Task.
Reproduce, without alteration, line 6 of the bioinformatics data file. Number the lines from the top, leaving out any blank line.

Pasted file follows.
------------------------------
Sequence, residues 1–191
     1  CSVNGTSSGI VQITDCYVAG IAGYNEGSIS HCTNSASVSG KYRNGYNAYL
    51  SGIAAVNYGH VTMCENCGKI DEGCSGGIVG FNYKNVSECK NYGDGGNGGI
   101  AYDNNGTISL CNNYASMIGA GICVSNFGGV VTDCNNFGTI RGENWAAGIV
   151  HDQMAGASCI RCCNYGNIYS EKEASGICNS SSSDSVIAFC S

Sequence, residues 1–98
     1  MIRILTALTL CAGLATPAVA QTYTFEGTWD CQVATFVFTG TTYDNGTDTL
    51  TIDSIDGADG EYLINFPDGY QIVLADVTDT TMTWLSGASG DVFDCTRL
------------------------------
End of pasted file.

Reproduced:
Sequence, residues 1–98